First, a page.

So, why do so many Republican politicians and so-called conservative media pundits continue to talk optimistically about a resurgence of conservatism in future elections? Are they simply delusional? To a great extent, yes, but it’s also because they are not thinking in terms of a resurgence of liberty. They are merely talking about a resurgence of their particular brand of statism.
In other words, they’re on the same macro page as the socialists and communists in the Dirty Dem wing of the Demopublican Party. They agree with the far left that laissez-faire capitalism is an extreme philosophy, thus they view a reasonable compromise as something midway between welfare statism and totalitarian socialism.
Does anyone really believe that John Boehner, Eric Cantor, Mitt Romney, John McCain, Orrin Hatch, Mitch McConnell, or Jeb Bush (yes, he’s coming!) – to name but a handful of high-profile establishment Republicans – is fighting for a totally free market or something even close to individual liberty?
Ditto some of the best-known media pundits who are, appallingly, labeled arch-conservatives by both their peers and enemies – people like Bill Kristol, Ann Coulter, Ben Stein and Bill Bennett.
And why not? Even Fox News, which started out as an alternative to the radical left-wing media, has drifted increasingly to the left. Why do you think they were willing to part ways with Glenn Beck and his huge ratings? Or, just as shockingly, with Judge Andrew Napolitano, another libertarian, who, to the displeasure of Roger Ailes, used his show as a platform to preach anti-government gospel. Who’s next – John Stossel?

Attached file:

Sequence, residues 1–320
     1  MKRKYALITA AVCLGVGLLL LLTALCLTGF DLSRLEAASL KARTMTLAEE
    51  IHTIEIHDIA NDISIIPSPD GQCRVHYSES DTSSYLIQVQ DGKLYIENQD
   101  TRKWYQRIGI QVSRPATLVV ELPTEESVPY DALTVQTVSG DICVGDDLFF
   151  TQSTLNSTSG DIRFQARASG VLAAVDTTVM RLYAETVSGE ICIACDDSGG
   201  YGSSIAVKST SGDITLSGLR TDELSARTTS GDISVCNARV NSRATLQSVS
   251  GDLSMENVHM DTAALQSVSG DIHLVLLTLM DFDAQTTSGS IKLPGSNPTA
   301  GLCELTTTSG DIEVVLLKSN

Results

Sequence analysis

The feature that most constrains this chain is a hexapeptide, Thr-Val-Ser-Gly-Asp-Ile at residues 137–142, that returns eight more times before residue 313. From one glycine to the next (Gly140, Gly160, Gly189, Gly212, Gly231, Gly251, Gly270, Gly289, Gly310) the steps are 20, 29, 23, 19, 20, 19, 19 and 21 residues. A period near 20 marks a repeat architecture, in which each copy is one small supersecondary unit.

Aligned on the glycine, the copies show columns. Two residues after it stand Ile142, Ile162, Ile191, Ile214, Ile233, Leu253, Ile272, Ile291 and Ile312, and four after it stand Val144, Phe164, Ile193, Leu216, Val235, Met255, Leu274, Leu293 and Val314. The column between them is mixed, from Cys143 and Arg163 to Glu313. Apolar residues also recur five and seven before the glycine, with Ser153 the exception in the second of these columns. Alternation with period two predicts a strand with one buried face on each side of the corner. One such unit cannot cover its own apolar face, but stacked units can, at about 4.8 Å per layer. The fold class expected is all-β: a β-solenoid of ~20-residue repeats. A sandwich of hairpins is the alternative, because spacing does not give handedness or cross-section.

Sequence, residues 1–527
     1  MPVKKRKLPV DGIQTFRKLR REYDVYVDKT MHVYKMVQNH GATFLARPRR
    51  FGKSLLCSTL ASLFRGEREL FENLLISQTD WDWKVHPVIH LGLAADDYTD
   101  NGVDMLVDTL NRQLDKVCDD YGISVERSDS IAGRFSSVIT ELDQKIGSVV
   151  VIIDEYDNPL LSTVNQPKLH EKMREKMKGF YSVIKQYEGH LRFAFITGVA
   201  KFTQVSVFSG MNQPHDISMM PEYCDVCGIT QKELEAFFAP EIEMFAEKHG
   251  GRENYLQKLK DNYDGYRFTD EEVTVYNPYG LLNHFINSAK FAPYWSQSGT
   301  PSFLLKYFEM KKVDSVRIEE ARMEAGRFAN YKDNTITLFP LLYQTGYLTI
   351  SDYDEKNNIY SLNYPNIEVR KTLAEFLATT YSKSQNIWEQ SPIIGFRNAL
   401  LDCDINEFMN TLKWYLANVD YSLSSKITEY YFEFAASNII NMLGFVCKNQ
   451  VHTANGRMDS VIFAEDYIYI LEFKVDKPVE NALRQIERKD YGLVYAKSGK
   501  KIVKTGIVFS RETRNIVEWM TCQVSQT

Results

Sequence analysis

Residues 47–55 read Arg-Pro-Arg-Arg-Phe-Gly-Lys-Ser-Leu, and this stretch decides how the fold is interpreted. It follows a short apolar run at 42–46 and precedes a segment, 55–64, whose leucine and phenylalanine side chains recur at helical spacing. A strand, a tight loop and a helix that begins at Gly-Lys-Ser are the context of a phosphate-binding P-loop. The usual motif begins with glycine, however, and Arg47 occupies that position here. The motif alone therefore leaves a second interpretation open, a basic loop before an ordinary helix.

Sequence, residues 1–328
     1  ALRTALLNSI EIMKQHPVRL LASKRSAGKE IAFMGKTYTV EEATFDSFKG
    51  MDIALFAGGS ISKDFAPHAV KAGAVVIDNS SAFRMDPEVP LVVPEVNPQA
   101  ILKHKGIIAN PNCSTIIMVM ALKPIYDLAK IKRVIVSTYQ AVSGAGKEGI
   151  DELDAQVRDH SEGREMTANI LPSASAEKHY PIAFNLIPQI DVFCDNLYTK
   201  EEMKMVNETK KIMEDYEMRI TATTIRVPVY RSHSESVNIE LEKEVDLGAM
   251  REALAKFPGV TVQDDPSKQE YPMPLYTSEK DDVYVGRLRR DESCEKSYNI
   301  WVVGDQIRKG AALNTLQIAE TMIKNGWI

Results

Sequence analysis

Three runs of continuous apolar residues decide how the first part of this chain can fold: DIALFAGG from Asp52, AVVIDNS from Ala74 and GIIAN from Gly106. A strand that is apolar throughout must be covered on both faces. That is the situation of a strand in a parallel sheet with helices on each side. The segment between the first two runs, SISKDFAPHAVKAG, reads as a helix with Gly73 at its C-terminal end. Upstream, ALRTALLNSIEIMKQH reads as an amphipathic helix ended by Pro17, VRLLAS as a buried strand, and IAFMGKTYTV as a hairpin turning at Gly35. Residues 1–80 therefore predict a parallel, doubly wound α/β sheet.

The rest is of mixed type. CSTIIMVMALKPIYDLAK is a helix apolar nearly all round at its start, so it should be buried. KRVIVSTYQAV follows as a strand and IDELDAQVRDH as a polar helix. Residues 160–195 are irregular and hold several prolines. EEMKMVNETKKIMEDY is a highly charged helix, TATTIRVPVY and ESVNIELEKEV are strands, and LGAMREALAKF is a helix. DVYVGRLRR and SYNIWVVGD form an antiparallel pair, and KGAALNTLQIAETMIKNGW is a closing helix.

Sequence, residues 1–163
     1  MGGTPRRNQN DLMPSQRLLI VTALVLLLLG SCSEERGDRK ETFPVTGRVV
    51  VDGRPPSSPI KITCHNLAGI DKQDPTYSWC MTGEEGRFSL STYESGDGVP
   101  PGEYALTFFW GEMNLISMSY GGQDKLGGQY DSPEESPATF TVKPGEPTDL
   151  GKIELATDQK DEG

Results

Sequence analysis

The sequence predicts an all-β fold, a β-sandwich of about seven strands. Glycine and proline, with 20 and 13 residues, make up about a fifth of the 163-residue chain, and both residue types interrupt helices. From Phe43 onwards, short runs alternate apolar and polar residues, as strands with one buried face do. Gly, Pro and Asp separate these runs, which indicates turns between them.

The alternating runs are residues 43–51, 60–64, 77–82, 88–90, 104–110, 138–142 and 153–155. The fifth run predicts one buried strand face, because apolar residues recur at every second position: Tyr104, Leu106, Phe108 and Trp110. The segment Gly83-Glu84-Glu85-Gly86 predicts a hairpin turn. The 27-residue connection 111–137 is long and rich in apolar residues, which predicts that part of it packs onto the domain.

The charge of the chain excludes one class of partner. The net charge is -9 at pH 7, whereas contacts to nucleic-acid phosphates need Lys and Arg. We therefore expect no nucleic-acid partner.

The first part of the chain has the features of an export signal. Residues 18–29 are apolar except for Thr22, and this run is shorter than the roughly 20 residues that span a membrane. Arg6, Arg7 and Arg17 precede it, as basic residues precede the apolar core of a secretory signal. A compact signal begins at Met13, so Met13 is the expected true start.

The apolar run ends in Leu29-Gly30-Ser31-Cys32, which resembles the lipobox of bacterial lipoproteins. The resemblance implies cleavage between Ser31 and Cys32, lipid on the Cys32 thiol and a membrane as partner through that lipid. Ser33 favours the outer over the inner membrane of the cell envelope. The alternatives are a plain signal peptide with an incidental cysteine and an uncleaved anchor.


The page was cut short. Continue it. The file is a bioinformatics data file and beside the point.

The hookup of power-hungry politicians and low-information voters is a marriage made in heaven. The politician’s goal is power, while the voter’s goal is enhancement of his material well-being. Both sides realize that by joining forces, each can provide what the other side wants.
As a result, a candidate’s chances of winning are directly tied to his ability to convince voters that he will, if elected, commit more aggression than his opponent. What this boils down to has been accurately described by James Dale Davidson, founder and former head of the National Taxpayers Union:
“You pool your life and property with those of other citizens and cast them into the electoral pot to be put at the disposal of politicians. Those who win the election promise to manipulate you to achieve the ‘common good.’ More often than not … the politicians are really promising to steal from you to reward special interests.”
Thoreau put it in metaphorical terms when he described elections as “a sort of gaming, like checkers or backgammon, with a slight moral tinge to it, a playing with right and wrong, with moral questions; and betting naturally accompanies it.”
That said, here’s your homework assignment for 2013: Figure out how to reach people who are devoid of knowledge, don’t like you and whose major objective is to transfer what’s in your wallet to theirs. Crack the low-information code and you can change the world.
Lots of luck – and do have a great New Year.